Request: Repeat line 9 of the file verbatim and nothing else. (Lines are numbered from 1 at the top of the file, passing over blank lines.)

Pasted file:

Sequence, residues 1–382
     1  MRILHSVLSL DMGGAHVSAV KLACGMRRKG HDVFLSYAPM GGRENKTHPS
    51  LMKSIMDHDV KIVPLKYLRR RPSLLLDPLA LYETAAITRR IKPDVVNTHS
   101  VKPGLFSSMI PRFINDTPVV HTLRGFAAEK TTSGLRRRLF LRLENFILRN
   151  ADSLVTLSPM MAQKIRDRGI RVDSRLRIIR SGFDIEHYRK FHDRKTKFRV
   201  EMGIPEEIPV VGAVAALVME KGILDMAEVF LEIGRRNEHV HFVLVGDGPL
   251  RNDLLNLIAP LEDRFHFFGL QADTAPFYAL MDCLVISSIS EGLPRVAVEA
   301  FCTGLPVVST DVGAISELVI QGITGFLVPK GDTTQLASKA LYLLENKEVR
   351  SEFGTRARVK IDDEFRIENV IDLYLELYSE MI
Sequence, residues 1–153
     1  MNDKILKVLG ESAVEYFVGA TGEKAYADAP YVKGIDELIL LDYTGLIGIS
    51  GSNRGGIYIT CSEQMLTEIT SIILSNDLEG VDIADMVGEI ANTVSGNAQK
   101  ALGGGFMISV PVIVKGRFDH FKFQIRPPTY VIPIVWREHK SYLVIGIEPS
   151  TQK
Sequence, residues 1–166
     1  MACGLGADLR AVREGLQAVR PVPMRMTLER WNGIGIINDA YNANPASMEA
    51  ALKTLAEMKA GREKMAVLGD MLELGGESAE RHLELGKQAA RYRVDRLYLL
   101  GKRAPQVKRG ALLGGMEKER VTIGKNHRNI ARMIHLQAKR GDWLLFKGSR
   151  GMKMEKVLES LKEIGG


   351  SEFGTRARVK IDDEFRIENV IDLYLELYSE MI